Sparking your muse

 Enjoy the fantastic chat with Doug Jackson!


Douglas Jackson, D.Min.
Director of the Logsdon Seminary Graduate Program

Doug Jackson came to SCS in 2006, after serving as pastor of Second Baptist Church, Corpus Christi, since 1993. In addition to teaching courses, Dr. Jackson functions as a liaison between Logsdon Seminary and local churches in Corpus Christi. His areas of specialization include spiritual formation and pastoral ministry. Dr. Jackson has published and presented several articles and essays in religious and literary venues, including articles and lectures on the life and writings of C.S. Lewis.
• D.Min. – Truett Seminary (2006)
• M.Div. – Southwestern Baptist Theological Seminary (1985)
• B.A. – English Literature, Grand Canyon College (1982)

His blog is here.


Interview / chat notes:


MIN 8:00
on Doug preparing for a his Fall class.

A resource he is using by NT Wright – “The new perspective on Paul”
The covenant people God has saved.

Reformers and the necessary correction in contemporary times.

Confronting individualism
and thoughts on human flourishing.

on the idea of being “spiritual but not religious”

on his work about CS Lewis

Mere Christianity

The importance of imagination for understanding that isn’t covered by rationalism.

on his Oxford lecture
Owen Barfield an influential life-long friend of CS Lewis

Another lecture on Walter Miller – A Canticle for Leibowitz
Apologetic self-proclaimed validity on the rational scheme of knowing.

“Scholarship is about knowing more and more about less and less so that eventually you know everything about nothing.”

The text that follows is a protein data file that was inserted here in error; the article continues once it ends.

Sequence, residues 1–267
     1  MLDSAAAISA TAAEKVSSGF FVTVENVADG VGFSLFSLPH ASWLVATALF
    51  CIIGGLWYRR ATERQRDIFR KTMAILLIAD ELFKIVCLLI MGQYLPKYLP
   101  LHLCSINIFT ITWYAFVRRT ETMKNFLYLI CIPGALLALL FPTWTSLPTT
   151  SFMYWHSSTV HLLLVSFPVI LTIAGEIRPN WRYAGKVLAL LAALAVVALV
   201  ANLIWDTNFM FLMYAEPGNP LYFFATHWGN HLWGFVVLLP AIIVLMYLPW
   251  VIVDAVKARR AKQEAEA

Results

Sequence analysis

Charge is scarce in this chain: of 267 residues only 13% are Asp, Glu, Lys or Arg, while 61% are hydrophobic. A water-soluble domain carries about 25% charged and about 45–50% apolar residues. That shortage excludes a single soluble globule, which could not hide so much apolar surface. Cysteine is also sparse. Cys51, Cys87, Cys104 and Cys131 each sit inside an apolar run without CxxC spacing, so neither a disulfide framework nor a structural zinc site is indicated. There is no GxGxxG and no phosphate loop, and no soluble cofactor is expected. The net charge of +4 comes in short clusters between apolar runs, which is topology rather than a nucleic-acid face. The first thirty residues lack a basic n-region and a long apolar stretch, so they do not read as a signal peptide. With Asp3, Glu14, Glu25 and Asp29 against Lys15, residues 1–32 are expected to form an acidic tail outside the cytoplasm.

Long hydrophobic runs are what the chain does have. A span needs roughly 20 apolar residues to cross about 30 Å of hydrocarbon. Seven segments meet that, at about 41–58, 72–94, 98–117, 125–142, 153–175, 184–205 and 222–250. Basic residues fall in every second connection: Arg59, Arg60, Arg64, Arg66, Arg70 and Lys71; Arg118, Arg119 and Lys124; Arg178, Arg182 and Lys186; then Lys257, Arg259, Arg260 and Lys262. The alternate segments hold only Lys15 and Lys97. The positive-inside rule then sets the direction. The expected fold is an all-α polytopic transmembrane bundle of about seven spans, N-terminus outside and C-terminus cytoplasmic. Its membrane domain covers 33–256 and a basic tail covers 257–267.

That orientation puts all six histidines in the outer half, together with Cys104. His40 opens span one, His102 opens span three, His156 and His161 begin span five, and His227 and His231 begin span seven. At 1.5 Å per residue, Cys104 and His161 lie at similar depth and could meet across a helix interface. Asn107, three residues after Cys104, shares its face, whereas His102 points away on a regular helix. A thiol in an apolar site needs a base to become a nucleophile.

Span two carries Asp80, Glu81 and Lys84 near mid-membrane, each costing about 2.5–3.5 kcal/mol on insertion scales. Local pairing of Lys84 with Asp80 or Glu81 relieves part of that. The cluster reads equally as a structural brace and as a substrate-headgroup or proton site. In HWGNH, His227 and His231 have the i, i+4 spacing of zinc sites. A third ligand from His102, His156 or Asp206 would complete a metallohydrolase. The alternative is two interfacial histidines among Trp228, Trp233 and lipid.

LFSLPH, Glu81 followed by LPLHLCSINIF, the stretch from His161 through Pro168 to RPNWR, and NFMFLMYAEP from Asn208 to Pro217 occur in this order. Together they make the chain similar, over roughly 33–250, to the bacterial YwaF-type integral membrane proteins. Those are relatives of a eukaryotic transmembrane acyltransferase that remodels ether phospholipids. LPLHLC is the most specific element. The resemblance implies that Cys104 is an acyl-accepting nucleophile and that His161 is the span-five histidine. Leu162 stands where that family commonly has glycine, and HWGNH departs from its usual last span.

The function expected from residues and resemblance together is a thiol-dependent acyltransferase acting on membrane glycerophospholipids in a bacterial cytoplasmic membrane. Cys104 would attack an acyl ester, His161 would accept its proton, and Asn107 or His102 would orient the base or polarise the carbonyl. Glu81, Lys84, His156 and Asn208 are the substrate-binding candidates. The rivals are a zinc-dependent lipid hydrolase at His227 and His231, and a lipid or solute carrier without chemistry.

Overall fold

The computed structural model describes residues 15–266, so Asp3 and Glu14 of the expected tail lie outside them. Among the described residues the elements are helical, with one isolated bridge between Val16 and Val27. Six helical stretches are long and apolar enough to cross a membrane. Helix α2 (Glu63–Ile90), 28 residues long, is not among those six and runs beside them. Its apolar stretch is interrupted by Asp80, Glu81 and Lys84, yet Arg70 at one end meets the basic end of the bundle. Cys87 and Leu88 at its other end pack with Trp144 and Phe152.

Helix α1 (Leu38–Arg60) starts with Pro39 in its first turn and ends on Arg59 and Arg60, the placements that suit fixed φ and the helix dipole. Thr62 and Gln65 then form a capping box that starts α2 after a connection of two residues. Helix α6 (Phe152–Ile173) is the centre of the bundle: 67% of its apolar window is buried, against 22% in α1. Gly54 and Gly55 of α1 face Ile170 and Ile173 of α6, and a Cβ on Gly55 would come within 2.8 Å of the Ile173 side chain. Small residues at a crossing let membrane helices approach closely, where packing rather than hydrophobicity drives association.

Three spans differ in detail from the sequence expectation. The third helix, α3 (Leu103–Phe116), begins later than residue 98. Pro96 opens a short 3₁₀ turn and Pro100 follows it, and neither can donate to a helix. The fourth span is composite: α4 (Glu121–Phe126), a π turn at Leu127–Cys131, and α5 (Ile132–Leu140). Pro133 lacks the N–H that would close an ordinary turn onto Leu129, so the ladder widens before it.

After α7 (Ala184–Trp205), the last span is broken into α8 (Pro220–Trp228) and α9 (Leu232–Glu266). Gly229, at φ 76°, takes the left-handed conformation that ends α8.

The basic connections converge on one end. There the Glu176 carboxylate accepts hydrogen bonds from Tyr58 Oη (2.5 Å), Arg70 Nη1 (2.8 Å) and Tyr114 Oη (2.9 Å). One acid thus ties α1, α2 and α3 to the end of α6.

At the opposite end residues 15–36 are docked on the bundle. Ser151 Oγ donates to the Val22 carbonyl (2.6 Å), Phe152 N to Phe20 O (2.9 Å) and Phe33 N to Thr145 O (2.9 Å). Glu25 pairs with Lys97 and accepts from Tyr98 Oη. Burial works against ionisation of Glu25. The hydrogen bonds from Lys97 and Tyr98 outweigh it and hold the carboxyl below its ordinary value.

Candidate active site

James Sire

Malcolm Guite https://www.facebook.com/malcolm.guite
Chaplain of Gerton college and Cambridge
“Faith Hope and Poetry”

He covers the imagination as a way of knowing (an epistemology).

Holly Ordway
Houston Baptist University
“Not God’s Type”

Her 2-track movement toward conversion

Brainpickings.com Maria Popova (an admitted secular atheist on a continual spiritual search)

on Spiritual atheism

….if we come up with a system that covers everything (Christians and Atheists alike)…

“Humans are sensitive and emotionally vulnerable to a wasteful degree evolutionarily speaking…highly valuing the arts.” (Lisa)

Christ in the Desert Benedictine Monk and Abbot
Philip Lawrence, New Mexico
…slipping in and out of atheism….

HG Wells, and the fundamentalist reaction to him and others of his ilk.

on how science and religious circles have had an absolute unwillingness to be in one another presence and (have not wanted) to admit any weaknesses and (instead) just shout louder.


“The best apologetics can do is make Christianity credible and I don’t think it can make it inevitable.”


22:30 “Any belief in any ideal is still a leap of faith for anyone… like Justice, Love, Hope…” (Lisa)

on How people appeal to a standard outside themselves. (CS Lewis)

Theories of “survival behavior value” for Morality and Justice kicks the can. or it lands on simple absurdity and meaninglessness where suicide becomes a valid option.


Doug answering the question….”Is fundamentalism evolving”?

Richard Foster’s classic over 50 years old “Celebration of Discipline”

A story of a crucial pivot point for Doug.

How the psalmists had to cry out to God when the answers didn’t suffice any longer. For us, this is a return more than a departure.”

“I have gained the gift of being able to respect other traditions and admire things they bring us, but I talk to people across that spectrum that have that experience.”


“We go from trusting our denominational address or theology address to trusting Christ but it doesn’t mean an abandonment of it. Choosing a room in the same house to live in.”

Spiritual disciplines most meaningful to him:
On solitude and privacy (the difference). Henri Nouwen explains the difference.
 Henri Nouwen explains in “Out of Solitude” 

Doug: Solitude is for battle. Privacy is to be alone.

Demons come in our solitude (Desert Fathers). The outcome is awareness and purification.

Wanting “the listening heart” (what Solomon really asked God for).